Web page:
Comparisons of individual- and area-level socioeconomic status as proxies for individual-level measures: evidence from the Mortality Disparities in American Communities study

Jennifer L. Moss, Norman J. Johnson, Mandi Yu, Sean F. Altekruse, Kathleen A. Cronin

Research output: Contribution to journalArticlepeer-review

Abstract

Background: Area-level measures are often used to approximate socioeconomic status (SES) when individual-level data are not available. However, no national studies have examined the validity of these measures in approximating individual-level SES. Methods: Data came from ~ 3,471,000 participants in the Mortality Disparities in American Communities study, which links data from 2008 American Community Survey to National Death Index (through 2015). We calculated correlations, specificity, sensitivity, and odds ratios to summarize the concordance between individual-, census tract-, and county-level SES indicators (e.g., household income, college degree, unemployment). We estimated the association between each SES measure and mortality to illustrate the implications of misclassification for estimates of the SES-mortality association. Results: Participants with high individual-level SES were more likely than other participants to live in high-SES areas. For example, individuals with high household incomes were more likely to live in census tracts (r = 0.232; odds ratio [OR] = 2.284) or counties (r = 0.157; OR = 1.325) whose median household income was above the US median. Across indicators, mortality was higher among low-SES groups (all p <.0001). Compared to county-level, census tract-level measures more closely approximated individual-level associations with mortality. Conclusions: Moderate agreement emerged among binary indicators of SES across individual, census tract, and county levels, with increased precision for census tract compared to county measures when approximating individual-level values. When area level measures were used as proxies for individual SES, the SES-mortality associations were systematically underestimated. Studies using area-level SES proxies should use caution when selecting, analyzing, and interpreting associations with health outcomes.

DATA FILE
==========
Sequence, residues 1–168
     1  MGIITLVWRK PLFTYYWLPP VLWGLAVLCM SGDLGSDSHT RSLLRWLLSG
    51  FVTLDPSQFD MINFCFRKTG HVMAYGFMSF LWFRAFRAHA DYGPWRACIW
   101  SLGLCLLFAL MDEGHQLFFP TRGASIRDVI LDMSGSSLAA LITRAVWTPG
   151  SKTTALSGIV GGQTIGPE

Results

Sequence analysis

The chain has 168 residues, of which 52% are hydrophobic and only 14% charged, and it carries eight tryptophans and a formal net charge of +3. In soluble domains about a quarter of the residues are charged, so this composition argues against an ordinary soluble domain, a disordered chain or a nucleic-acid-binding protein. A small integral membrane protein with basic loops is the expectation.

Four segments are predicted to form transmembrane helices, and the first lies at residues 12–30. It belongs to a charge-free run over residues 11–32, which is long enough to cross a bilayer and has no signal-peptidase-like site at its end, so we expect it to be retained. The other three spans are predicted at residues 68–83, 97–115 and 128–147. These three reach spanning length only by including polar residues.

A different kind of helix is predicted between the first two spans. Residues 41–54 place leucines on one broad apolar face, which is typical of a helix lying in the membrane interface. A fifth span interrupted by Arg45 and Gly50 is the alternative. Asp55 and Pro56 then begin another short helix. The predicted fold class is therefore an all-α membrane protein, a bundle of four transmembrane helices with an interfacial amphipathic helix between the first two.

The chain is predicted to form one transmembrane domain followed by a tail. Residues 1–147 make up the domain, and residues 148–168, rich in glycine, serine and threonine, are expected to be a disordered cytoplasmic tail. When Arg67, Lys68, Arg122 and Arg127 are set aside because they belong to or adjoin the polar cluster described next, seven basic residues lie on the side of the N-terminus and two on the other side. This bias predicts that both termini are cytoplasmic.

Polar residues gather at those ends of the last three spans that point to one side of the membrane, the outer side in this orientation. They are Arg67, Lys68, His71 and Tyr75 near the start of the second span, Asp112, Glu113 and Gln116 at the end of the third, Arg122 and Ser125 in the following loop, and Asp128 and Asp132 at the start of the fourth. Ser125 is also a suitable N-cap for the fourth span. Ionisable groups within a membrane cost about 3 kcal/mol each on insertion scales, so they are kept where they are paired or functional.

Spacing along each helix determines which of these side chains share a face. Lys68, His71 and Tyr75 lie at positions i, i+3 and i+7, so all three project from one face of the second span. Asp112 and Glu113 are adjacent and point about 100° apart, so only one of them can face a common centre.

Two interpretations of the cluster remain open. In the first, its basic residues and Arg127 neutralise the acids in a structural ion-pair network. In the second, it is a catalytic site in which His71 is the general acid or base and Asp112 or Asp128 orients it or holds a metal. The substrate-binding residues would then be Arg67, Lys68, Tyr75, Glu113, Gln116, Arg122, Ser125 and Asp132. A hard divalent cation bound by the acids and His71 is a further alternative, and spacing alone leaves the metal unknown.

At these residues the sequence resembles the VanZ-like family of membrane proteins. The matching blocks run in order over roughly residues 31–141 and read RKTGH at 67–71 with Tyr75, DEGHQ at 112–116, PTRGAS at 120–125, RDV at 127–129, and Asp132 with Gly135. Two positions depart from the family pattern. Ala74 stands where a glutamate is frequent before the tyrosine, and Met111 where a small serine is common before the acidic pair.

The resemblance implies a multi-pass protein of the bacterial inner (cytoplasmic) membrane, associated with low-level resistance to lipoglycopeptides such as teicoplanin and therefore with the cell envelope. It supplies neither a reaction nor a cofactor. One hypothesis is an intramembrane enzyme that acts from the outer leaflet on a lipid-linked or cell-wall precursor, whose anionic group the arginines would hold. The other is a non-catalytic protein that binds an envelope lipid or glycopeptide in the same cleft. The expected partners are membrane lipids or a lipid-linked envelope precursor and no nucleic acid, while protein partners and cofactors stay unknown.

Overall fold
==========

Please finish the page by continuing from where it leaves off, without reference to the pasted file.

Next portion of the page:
Original languageEnglish (US)
Article number1
JournalPopulation Health Metrics
Volume19
Issue number1
DOIs
StatePublished - Dec 2021

All Science Journal Classification (ASJC) codes

  • Epidemiology
  • Public Health, Environmental and Occupational Health

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